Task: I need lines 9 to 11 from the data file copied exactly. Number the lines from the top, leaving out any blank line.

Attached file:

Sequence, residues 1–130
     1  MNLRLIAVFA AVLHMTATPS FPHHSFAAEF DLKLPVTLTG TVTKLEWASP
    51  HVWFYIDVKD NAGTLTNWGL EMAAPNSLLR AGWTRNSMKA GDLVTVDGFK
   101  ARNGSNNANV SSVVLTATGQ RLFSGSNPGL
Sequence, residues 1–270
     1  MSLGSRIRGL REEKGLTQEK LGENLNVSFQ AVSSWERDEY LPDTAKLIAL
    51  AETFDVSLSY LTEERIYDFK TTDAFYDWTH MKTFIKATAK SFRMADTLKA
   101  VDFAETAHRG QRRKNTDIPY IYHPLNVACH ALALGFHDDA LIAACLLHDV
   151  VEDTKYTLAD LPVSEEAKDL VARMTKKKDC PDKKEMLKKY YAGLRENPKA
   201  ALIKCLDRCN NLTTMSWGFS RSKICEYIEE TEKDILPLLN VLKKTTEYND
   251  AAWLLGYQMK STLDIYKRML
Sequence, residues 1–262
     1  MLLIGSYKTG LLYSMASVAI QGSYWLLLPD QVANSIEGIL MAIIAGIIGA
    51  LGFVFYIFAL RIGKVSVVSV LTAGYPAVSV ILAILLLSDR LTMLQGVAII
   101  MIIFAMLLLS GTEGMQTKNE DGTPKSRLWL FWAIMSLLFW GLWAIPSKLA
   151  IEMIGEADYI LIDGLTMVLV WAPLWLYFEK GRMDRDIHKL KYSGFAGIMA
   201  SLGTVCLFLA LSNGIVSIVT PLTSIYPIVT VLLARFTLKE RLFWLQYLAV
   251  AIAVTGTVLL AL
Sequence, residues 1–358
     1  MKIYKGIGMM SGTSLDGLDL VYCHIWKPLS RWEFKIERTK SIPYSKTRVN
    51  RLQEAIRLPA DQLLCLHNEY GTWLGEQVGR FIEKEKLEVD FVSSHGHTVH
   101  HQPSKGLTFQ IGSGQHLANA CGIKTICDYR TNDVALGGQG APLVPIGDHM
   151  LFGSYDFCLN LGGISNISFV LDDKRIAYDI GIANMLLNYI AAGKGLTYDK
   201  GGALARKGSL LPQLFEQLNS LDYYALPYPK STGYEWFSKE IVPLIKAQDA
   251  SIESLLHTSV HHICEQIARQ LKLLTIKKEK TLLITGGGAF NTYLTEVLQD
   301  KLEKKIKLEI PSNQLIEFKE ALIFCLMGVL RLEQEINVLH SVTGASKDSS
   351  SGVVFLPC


   151  VEDTKYTLAD LPVSEEAKDL VARMTKKKDC PDKKEMLKKY YAGLRENPKA
   201  ALIKCLDRCN NLTTMSWGFS RSKICEYIEE TEKDILPLLN VLKKTTEYND
   251  AAWLLGYQMK STLDIYKRML